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with such remarks and directions as may aid in its acquisition and improvement.
Definition of Taste. The decisions of taste are judgments passed on whatever is designed to excite emotions of bequty, of grandeur or of sublimity. The power of thus judging is founded on the experience of emotions of the same class, and is called taste; and hence he who exercises this power successfully, is called a man of taste. By judgment, as the word is here used, I mean the determining of the fitness of particular causes for producing certain effects. The chemist would produce a mixture having certain properties, - a certain degree of hardness, a required color or taste. With this view he unites several simples; and in selecting the simples that are to be united for producing the required mixture, and in determining the quantity of each to be used, there is judgment. In the same manner, where taste is exercised, there is a certain effect to be produced, and in determining the fitness of means for producing this effect there is judgment.
For a full account of the emotions here mentioned, the student must be referred to works on the philosophy of the mind. But it is necessary, that a short statement of what is meant by them should here be given.
If we reflect on the different emotions, of which we are conscious in the notice of actions and objects around us, we find that some of them are of a moral nature, and we speak of the actions which excite them as virtuous or vicious. Other emotions are included under what are called the passions, and we speak of the objects which excite them as objects of desire or aversion of fear or remorse, or of some other passion.' We think also of such objects as affecting our happiness. But distinct, both from emotions of a moral nature, and from those included under the passions, there is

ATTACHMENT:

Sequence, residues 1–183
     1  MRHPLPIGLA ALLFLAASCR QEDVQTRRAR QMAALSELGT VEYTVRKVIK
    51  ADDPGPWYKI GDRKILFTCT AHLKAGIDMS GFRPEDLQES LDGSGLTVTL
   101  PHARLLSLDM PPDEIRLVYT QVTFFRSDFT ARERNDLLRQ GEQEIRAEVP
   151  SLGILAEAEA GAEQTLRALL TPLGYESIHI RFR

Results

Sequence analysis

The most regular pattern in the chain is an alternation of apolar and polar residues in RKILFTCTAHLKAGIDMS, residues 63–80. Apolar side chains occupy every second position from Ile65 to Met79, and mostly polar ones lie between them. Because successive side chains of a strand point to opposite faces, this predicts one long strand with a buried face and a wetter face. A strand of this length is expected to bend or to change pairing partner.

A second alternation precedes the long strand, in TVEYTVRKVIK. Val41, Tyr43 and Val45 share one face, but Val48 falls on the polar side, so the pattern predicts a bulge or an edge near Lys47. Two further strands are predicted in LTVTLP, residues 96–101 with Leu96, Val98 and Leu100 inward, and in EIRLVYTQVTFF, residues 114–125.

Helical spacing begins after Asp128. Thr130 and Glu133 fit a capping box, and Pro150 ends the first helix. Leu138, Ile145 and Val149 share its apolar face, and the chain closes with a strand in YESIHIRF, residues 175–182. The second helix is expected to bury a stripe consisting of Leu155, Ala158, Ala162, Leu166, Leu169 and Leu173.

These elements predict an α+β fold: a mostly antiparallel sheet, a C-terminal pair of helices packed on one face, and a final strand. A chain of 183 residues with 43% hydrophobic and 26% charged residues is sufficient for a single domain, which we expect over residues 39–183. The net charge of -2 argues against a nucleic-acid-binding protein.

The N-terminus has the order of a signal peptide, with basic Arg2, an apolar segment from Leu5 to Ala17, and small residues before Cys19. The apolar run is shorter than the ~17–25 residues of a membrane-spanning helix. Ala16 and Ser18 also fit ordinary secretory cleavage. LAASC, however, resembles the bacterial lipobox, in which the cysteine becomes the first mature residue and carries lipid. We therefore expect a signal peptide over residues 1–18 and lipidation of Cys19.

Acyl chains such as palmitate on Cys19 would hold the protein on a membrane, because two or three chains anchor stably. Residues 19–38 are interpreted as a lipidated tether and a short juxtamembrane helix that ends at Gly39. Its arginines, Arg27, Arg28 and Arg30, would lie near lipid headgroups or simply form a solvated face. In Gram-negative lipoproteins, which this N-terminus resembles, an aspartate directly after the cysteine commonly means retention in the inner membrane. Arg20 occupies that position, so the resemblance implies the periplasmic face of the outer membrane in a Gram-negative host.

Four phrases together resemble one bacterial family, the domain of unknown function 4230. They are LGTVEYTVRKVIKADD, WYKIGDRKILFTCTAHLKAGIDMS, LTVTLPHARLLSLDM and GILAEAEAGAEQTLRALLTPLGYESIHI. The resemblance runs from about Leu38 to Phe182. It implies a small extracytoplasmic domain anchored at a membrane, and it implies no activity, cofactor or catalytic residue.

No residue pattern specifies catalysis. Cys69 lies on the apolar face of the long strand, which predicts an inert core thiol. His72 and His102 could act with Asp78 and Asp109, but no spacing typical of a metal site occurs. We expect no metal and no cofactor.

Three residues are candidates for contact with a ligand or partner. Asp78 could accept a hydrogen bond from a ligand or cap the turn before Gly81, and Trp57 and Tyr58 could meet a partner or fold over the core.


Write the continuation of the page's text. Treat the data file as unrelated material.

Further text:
a third class of emotions, which is particularly referred to in the preceding definition of taste, and these will now be exhibited.
When the sun goes down in the west, the surrounding clouds reflect to our view a rich variety of colors. We gaze on the splendid scene, and there is a pleasant emotion excited in our minds.
In reading the story of the two friends, Damon and Pythias, who were objects of the cruelty of Dionysius, we are struck with the closeness of their friendship; and while we think on the fidelity of the returning friend, and on their mutual contest for death, a pleasing emotion arises in the mind.
When examining Dr. Paley's reasoning in proof of the existence of the Deity, and observing how every part is brought to bear on the particular object in view, while one example after another gives additional strength to the argument, we admire the skill of the reasoner and the perfection of his work, and in view of this skill and this finished work, a grateful emotion arises in the mind.
It will be observed in these examples, that the emotion excited is not strong,
that it is of a grateful kind, and that it may continue for some time. This is called an emotion of beauty.
The traveller, when he stands on the banks of the Mississippi, and looks upon that noble river, flowing on with the power of collected waters, and bearing on its bosom the wealth of the surrounding region, is conscious of emotions, which, as they rise and swell within his breast, correspond to the scene on which he looks.
Burke has given the following biographical notice of Howard the celebrated philanthropist.
“ He has visited all Europe, - not to survey the sumptuousness of palaces, or the stateliness of temples ; not to
make accurate measurements of the remains of ancient grandeur; not to form a scale of the curiosities of modern art; not to collect medals, or collate manuscripts;
- but to dive into the depths of dungeons; to plunge into the insection of hospitals, to survey the mansions of sorrow and pain; to take the gauge and dimensions of misery, depression and contempt; to remember the forgotten, to attend to the neglected, to visit the forsaken, and to compare and collate the distresses of all men in all countries. His plan is original; and it is as full of genius, as it is of humanity. It was a voyage of discovery, a circumnavigation of charity."
No one can read this passage, and not feel a high degree of admiration in view of the devotedness and elevation of purpose it describes.
When the orator stands up before collected thousands, and for an hour sways them at his will by the powers of his eloquence, who, in that vast throng, can regard the speaker before him and feel no admiration of his genius ?